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All-Pro picks explained (cont.)

Posted: Thursday January 5, 2006 2:50PM; Updated: Thursday January 5, 2006 2:50PM
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Under my numerical system, Lepsis scored highest, at 4.6, based on serious drive blocking. His negatives included a few forces, no sacks and a couple of L's. Kansas City's Willie Roaf also got a 4.6 in the area of drive blocks, at which he excelled, but when he came back off his hamstring injury, the sacks and forces started piling up. He lost out to Jones, a 3.57 grader but a high scorer in the all-important area of single pass blocking-except for a very bad day against the Giants' Osi Umenyiora.

I'm always looking for sleepers at this position. I did complete workups on Cincy's Levi Jones, Atlanta's Kevin Shaffer and the Vikings' Bryant McKinnie, whom I never much liked until this season. None of them made it -- obviously. I started looking at a pair of Packers, Mark Tauscher and Chad Clifton, but gave up after three games.


I didn't chart Ogden because he struggled so much. His strength really seems to be gone. Maybe he was playing hurt and didn't tell anybody. I didn't grade Tarik Glenn nor Orlando Pace because I didn't think they consistently showed as much as my people did.


Mike Goff and Ryan Lilja -- Goff was an accomplished drive blocker for LaDainian Tomlinson, either pulling or going straight ahead. Until this year I had never really taken him seriously. He topped the scorers at 5.0. Lilja, at 4.88, edged the Seahawks' Steve Hutchinson by two-hundredths of a point (4.86). This might seem like arcane nonsense to sane people, but believe me, I take it seriously, especially at this position. Lilja, a newcomer, a sleeper, was a little off his game against San Diego, but very solid the rest of the way. Hutchinson, whom I've picked before, was stuffed at the point more times than Lilja was.

Just for a kibbitz, here's my complete grading workup on the guards I charted, and if I didn't chart someone it means I didn't feel he was worthy. Looking at the situation with my "raw eyes," as John Madden says: Ben Hamilton, Denver, 4.75; Eric Steinbach, Cincinnati, 4.4; Alan Faneca, Pittsburgh, 4.29; Brian Waters, Kansas City, 4.22; Chris Snee, NY Giants, 4.07 (a real mauler, a comer, except that he held too much), Kynan Forney, Atlanta, 3.57, and his Falcons running mate, Matt Lehr -- because someone whose opinion I respect said, "You've gotta check this guy out" -- 2.57.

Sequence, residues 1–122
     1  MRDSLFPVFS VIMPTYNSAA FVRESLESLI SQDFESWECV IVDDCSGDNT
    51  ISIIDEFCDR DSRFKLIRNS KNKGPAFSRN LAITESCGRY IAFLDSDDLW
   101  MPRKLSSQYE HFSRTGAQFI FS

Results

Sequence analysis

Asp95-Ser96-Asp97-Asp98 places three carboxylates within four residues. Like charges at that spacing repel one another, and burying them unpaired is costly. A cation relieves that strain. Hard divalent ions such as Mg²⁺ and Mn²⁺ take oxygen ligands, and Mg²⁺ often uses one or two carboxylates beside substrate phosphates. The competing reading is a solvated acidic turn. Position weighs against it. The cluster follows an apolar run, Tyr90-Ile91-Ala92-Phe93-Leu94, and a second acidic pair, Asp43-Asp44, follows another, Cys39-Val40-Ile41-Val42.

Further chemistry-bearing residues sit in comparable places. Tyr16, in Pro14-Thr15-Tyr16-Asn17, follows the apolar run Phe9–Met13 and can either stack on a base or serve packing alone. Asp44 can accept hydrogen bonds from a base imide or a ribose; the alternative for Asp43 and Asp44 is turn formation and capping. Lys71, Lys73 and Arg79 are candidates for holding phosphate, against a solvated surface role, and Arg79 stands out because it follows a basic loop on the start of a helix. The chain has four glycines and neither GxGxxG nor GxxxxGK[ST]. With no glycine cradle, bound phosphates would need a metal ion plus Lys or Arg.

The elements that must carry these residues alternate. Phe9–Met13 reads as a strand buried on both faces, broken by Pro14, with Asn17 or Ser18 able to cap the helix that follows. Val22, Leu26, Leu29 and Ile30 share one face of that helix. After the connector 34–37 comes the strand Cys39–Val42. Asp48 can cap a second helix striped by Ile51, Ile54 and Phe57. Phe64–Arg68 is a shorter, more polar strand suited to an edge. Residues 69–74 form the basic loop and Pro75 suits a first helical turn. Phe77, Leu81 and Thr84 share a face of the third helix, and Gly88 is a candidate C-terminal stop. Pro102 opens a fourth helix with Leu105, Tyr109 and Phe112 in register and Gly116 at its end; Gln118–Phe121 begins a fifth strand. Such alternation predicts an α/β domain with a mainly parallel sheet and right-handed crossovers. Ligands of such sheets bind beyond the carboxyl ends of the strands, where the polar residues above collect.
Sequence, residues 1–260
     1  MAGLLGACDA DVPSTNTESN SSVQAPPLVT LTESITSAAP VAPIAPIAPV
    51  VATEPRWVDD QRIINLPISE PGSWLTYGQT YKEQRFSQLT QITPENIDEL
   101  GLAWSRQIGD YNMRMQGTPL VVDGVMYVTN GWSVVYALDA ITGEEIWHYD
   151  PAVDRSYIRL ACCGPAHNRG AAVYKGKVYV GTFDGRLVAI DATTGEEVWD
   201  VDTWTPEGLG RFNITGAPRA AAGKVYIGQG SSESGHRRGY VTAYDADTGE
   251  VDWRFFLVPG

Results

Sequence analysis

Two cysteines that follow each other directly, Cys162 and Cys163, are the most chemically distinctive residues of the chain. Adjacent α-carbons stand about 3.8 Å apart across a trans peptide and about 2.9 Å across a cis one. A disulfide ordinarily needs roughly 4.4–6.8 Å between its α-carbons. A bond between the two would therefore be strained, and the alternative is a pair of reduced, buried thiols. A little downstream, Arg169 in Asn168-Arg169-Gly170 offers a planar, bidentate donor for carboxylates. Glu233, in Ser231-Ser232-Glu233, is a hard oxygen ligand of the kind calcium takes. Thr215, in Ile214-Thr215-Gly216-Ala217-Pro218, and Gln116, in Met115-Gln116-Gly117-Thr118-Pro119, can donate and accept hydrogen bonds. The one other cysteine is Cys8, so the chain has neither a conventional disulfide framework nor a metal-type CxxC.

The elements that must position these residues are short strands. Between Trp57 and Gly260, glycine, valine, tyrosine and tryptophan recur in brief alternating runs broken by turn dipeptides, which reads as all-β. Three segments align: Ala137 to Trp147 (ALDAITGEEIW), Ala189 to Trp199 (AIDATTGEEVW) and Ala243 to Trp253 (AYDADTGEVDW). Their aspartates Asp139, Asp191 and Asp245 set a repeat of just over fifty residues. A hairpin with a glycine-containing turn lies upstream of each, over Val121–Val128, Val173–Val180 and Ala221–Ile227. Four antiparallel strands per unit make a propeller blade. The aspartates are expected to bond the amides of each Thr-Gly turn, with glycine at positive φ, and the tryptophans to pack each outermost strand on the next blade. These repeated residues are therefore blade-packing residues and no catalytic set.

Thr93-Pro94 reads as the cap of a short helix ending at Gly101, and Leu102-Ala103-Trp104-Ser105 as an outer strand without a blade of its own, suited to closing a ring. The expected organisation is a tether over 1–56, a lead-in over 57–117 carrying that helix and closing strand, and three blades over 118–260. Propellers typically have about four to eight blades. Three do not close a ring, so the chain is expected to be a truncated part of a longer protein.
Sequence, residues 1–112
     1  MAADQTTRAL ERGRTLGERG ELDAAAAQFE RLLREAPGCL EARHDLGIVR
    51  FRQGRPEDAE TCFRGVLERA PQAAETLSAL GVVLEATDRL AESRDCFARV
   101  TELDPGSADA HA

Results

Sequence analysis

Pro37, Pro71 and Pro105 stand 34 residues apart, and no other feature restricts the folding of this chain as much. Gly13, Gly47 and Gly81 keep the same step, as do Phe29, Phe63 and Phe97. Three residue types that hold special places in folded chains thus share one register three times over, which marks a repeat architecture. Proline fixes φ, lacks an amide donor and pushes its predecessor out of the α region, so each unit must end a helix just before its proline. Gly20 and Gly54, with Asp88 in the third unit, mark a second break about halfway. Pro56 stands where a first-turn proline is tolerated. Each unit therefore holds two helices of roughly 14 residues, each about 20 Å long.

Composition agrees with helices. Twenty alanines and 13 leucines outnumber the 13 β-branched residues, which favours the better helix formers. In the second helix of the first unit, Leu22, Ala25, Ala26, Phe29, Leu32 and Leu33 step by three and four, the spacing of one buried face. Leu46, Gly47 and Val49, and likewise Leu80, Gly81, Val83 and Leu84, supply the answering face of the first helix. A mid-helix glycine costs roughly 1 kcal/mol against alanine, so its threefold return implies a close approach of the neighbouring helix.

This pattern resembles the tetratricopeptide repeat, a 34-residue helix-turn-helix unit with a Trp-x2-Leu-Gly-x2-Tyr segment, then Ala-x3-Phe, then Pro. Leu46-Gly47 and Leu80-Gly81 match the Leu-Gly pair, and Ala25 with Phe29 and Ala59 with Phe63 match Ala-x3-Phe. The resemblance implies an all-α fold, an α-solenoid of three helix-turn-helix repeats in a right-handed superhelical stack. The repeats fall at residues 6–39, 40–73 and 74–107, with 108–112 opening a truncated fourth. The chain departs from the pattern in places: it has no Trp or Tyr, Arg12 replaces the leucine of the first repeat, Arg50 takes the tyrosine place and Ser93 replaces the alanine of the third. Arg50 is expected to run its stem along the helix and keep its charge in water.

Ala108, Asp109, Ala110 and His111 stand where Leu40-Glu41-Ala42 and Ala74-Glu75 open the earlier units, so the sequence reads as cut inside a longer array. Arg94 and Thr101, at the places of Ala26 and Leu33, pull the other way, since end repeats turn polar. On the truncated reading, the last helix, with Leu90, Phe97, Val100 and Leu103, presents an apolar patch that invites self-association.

Allen is a sad memory of what he once was. His balance is going. He had trouble hitting a moving target. Oh sure, when someone is foolish enough to try to lock up with him, Allen will muscle him out of there, but his range is very limited.


Tom Nalen. I really didn't want to pick him again, mainly because he started that nonsense about not talking to writers. Grades win, though, and I fought back the tears as I watched him edge, in order, Indy's Jeff Saturday, KC's Casey Weigmann, Cincy's Rich Braham, Atlanta's Todd McClure and the Steelers' Jeff Hartings. Then, while I was watching tape of some Tennessee defensive players, I saw Seattle's Robbie Tobeck get into a real hot streak. So I backed up and did a complete workup on him in the six other Seahawk games I saw and he came in at 2.33. This happens sometimes. Occasionally you get lucky and score with someone you never expected to be there.


Carson Palmer wasn't a lock, but I gave him the nod over Peyton Manning and Tom Brady. A magnificent year, and he made throws that required a lot of guts and savvy.

Running Back

Tiki Barber was in the hunt, along with the usual cast of characters, but that 220-yard Kansas City contest did it for me. Tiki wasn't getting much support from the air game, his offensive line was missing the starting tackles, and the blocking up front was erratic, at best, but all afternoon he was making people miss him in a game the Giants had to win. That clinched it, but when he turned in another blinder in a meaningful contest against the Raiders, he was home free.


Why isn't Chris Cooley better known? He's good enough as a blocker, and he's a very high quality pass catcher. I know Lorenzo Neal is everybody's darling, but I don't think he's the consistent knock 'em dead blocker he used to be. He plays the angles more often now, positions himself more carefully. He's nice to have around, but Cooley contributes a lot more.

Tomorrow -- the best of the rest.